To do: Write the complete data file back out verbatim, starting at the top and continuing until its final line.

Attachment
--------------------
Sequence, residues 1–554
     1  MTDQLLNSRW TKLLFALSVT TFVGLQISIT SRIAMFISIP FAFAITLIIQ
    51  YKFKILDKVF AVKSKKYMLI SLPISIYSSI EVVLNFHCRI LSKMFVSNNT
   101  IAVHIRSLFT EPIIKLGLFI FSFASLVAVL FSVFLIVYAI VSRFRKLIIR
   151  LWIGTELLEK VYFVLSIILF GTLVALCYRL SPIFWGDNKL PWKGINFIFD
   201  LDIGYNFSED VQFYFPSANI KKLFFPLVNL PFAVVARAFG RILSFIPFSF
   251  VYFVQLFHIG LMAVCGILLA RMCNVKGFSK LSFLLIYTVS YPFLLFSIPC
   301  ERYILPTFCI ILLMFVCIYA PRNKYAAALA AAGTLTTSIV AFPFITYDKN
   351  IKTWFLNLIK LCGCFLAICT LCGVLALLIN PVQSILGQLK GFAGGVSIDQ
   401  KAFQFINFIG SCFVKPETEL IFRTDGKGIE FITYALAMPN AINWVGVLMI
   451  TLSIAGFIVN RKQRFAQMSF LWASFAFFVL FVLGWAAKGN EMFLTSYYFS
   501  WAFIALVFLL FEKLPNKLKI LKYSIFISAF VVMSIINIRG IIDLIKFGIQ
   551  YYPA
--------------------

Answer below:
Sequence, residues 1–554
     1  MTDQLLNSRW TKLLFALSVT TFVGLQISIT SRIAMFISIP FAFAITLIIQ
    51  YKFKILDKVF AVKSKKYMLI SLPISIYSSI EVVLNFHCRI LSKMFVSNNT
   101  IAVHIRSLFT EPIIKLGLFI FSFASLVAVL FSVFLIVYAI VSRFRKLIIR
   151  LWIGTELLEK VYFVLSIILF GTLVALCYRL SPIFWGDNKL PWKGINFIFD
   201  LDIGYNFSED VQFYFPSANI KKLFFPLVNL PFAVVARAFG RILSFIPFSF
   251  VYFVQLFHIG LMAVCGILLA RMCNVKGFSK LSFLLIYTVS YPFLLFSIPC
   301  ERYILPTFCI ILLMFVCIYA PRNKYAAALA AAGTLTTSIV AFPFITYDKN
   351  IKTWFLNLIK LCGCFLAICT LCGVLALLIN PVQSILGQLK GFAGGVSIDQ
   401  KAFQFINFIG SCFVKPETEL IFRTDGKGIE FITYALAMPN AINWVGVLMI
   451  TLSIAGFIVN RKQRFAQMSF LWASFAFFVL FVLGWAAKGN EMFLTSYYFS
   501  WAFIALVFLL FEKLPNKLKI LKYSIFISAF VVMSIINIRG IIDLIKFGIQ
   551  YYPA